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Spotted Dick

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A bowl of spotted dick and custard.

Anyone contributing to (or using) a guide like h2g2 must, by definition, be something of a traditionalist. Any encyclopaedic effort carries with it the implication that information should be frozen in place; partly to clarify things as they are at the time of writing; but more importantly, to make researching them later render the same result and meaning. Once people agree on the meaning of a word, and it becomes a dictionary entry, it is too late to try and appropriate the word for other purposes without ignoring or perverting the original definition.

This preamble would be out of place on a recipe card, but tradition is being assaulted once again as - at this writing - at least one food store is refusing to properly name the confection affectionately known as 'Spotted Dick'. They refer to it as 'Spotted Richard'; both a perversion of the original name and not inconsequentially, an insult to everyone named Richard.

To preserve tradition, this venerable confection's traditional name is now recorded, forevermore, on this h2g2 website.

Note: This recipe, as with most other recipes, has many variations - both inclusive and exclusive of ingredients - and this in no way is meant to represent either the only correct recipe, or a stifling of creativity and diversity of recipe interpretation.

Spotted Dick - A traditional English Dessert, with a Custard Sauce

(A steamed suet pudding containing dried fruit)

The Dough (dick)

This should be a suet1 dough, though many recipes leave out the suet, and may substitute 4 oz margarine.

8 oz of self-raising flour
    -- If you are not using self-raising flour, add 1 tablespoon baking powder and 3/4 teaspoon salt
1/8 teaspoon of salt
6 oz of shredded or finely chopped, rendered suet
    -- To render, cook suet over a moderately low heat, for about 20 minutes, until it is melted and clear and cracklings are golden.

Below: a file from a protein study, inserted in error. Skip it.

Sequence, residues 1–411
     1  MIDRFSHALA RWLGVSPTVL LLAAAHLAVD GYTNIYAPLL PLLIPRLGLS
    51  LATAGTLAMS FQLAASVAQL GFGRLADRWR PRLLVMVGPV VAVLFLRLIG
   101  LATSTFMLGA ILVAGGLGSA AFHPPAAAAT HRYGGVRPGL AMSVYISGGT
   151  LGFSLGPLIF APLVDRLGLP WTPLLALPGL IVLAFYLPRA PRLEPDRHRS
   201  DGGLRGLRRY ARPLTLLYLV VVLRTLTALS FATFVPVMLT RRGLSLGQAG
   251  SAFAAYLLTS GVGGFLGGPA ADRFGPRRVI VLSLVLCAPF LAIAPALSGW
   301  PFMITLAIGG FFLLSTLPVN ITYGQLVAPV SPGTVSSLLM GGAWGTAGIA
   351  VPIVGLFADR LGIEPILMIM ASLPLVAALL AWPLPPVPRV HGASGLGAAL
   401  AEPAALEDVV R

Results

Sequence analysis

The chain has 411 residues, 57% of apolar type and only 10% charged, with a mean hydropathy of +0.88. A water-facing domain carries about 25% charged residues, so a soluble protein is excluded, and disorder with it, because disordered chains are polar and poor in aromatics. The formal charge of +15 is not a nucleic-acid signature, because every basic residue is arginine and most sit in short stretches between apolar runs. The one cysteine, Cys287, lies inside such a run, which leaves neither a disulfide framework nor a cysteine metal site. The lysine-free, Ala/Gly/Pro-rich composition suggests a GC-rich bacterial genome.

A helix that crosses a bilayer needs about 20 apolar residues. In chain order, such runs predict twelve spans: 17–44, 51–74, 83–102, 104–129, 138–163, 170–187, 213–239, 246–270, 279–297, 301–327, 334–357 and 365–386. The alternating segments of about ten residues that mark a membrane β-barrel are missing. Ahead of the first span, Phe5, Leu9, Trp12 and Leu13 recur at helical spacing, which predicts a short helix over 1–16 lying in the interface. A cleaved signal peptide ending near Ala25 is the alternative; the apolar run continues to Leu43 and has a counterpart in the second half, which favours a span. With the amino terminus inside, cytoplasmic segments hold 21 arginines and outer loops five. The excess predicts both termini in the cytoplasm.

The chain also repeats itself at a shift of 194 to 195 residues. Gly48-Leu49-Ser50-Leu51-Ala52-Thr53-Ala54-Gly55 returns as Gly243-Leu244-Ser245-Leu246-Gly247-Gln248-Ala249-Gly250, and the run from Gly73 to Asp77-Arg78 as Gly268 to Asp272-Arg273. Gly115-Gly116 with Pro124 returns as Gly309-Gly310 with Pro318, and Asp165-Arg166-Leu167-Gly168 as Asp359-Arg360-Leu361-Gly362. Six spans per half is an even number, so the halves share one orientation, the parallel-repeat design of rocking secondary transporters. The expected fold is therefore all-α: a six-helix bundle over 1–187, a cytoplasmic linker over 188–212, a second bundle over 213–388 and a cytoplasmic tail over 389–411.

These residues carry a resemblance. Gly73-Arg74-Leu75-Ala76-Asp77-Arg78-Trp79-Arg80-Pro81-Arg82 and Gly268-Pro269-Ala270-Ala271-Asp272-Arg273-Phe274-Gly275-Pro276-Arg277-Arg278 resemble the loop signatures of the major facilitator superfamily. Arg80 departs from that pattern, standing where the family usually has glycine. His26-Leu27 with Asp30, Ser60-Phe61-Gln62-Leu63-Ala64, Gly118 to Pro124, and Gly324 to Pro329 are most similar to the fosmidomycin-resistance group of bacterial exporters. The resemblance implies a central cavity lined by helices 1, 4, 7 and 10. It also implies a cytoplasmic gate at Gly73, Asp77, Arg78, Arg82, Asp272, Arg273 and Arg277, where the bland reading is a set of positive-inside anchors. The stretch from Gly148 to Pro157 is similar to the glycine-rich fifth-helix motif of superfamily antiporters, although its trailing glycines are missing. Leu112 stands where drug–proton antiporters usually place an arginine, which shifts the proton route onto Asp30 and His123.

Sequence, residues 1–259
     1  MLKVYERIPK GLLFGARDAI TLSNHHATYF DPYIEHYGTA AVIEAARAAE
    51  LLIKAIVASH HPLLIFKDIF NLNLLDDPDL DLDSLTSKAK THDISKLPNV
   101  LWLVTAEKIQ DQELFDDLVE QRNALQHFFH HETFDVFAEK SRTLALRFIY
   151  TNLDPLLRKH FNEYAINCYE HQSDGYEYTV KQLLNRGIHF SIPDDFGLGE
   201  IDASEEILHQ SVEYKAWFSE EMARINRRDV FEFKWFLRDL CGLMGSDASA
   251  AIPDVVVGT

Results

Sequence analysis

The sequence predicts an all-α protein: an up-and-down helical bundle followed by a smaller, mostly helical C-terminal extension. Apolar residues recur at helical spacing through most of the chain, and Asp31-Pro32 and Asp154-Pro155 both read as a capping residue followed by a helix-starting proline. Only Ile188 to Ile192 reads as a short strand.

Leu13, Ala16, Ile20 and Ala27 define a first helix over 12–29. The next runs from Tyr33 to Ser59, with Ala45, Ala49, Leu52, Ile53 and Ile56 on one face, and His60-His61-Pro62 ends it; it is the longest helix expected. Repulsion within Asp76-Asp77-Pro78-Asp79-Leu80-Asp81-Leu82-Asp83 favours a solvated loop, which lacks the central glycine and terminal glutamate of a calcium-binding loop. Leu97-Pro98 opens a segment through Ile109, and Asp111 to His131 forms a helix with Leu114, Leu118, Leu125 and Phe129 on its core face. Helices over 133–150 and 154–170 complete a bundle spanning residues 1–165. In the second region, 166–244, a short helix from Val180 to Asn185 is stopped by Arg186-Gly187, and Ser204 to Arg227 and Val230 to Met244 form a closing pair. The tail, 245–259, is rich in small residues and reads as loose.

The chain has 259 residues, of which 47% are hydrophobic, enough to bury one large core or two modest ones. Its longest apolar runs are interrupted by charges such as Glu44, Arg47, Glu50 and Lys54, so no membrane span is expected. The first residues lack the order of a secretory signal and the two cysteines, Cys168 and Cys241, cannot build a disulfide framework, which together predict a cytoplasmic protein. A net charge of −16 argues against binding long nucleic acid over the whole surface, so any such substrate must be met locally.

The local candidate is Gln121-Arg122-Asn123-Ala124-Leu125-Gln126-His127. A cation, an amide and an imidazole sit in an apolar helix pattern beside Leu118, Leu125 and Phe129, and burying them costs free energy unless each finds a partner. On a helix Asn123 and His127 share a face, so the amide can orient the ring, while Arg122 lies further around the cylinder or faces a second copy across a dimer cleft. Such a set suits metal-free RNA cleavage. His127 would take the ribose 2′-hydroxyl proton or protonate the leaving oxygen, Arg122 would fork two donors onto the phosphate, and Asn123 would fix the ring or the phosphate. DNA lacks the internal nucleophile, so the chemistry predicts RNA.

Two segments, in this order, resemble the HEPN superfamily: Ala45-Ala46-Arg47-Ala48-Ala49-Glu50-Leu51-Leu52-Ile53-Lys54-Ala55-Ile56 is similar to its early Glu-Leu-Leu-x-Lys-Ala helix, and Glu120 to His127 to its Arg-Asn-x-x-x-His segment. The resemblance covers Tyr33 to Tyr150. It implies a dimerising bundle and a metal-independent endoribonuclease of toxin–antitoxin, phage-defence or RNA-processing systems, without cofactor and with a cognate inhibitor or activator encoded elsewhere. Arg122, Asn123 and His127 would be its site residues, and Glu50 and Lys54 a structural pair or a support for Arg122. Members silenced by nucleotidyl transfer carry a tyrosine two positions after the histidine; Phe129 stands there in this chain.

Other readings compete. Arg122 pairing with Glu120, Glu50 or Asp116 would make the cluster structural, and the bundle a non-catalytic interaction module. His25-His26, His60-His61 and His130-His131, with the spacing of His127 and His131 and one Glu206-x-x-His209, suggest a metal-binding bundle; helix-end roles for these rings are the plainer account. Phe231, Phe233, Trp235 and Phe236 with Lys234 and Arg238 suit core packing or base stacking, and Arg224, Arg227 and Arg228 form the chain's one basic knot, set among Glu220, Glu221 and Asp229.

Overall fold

Run it through a sieve into a bowl, and cool.
Chill until it is firm and white.
    -- Covered and chilled, it will keep for a week.
0 to 6 oz of white-bread breadcrumbs (one of the many variables)
4 oz of sugar: caster, extra-fine, superfine, or 10x
4 to 6 oz combined sultanas2, raisins3, or currants4 (other dried fruit can be substituted according to taste and/or allergies)
1 lemon rind, grated or zested
5 to 10 tablespoons of milk or water - normally about 10 tbsp milk for a recipe this size.
Combine the flour, sugar, (baking powder, and salt) in a mixing bowl or food processor.
Add the shredded suet until the mixture resembles coarse-ground meal.
Add the breadcrumbs, dried fruits, and grated or zested lemon, and stir.
In a bowl (not the food processor), drizzle in the milk and stir with a fork until incorporated. Knead until a slightly sticky dough is formed.
Roll the dough into a cylinder (it should still be slightly sticky).
Wrap in a single layer of foil, brushed with butter (or a double thickness of greaseproof paper), and seal. An alternate version calls for wrapping the dough in cheesecloth.
Traditionally, the dough should be steamed for 1.5 - 2.0 hours, and the cheesecloth version is boiled in water for about the same period.

The Custard Sauce

2 cups whole milk
9 large egg yolks
1/2 cup sugar
a pinch of salt
Bring milk to a boil in a 3 or 4 quart, heavy saucepan; remove from heat.
Beat yolks, sugar, and the pinch of salt in a mixing bowl and whisk the hot milk in a slow stream.
Pour back into the pan and cook over moderately low heat, stirring constantly, until slightly thickened (77°C [170°F] would be good).
Pour through a fine sieve into a pitcher.
Covered and chilled, it will keep for two days.
Serve warm.
Makes up to ten servings.

Alternate Endings

Although this recipe requires custard, this confection is often enjoyed with either milk and sugar or golden syrup.

As a courtesy to those on a diet, the low calorie version simply replaces all ingredients with either broccoli or cauliflower. The step in which the milk is brought to the boil is skipped, and the steaming time is reduced to 20 minutes or until tender.

For the vegetarians out there, carrot cake dough might be sweet enough to work, and there is vegetable 'shredded suet' available made from '... hydrogenated palm oil, wheat flour, sunflower oil, stabiliser (E440), sugar, (63% hydrogenated vegetable oil and vegetable oil)'.

1A type of hard fat used in cooking which is taken from around the kidneys of animals such as sheep and cows.2Small raisins. Seedless, sweet, pale gold in colour and from the green seedless Sultana grape that comes mainly from Turkey.3Dried white grapes usually of the 'Muscatel' variety.4Dried black seedless grapes originally produced in Greece.

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